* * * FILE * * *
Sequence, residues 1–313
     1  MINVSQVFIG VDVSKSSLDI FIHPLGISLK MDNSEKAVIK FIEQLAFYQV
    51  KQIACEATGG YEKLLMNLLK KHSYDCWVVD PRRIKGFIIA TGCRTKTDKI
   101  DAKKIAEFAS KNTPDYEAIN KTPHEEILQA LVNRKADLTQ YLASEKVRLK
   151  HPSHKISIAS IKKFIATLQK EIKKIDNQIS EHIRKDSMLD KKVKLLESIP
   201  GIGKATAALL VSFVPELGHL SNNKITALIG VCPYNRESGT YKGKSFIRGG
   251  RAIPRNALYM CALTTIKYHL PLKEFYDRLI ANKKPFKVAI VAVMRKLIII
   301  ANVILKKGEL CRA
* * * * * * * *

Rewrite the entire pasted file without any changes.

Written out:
Sequence, residues 1–313
     1  MINVSQVFIG VDVSKSSLDI FIHPLGISLK MDNSEKAVIK FIEQLAFYQV
    51  KQIACEATGG YEKLLMNLLK KHSYDCWVVD PRRIKGFIIA TGCRTKTDKI
   101  DAKKIAEFAS KNTPDYEAIN KTPHEEILQA LVNRKADLTQ YLASEKVRLK
   151  HPSHKISIAS IKKFIATLQK EIKKIDNQIS EHIRKDSMLD KKVKLLESIP
   201  GIGKATAALL VSFVPELGHL SNNKITALIG VCPYNRESGT YKGKSFIRGG
   251  RAIPRNALYM CALTTIKYHL PLKEFYDRLI ANKKPFKVAI VAVMRKLIII
   301  ANVILKKGEL CRA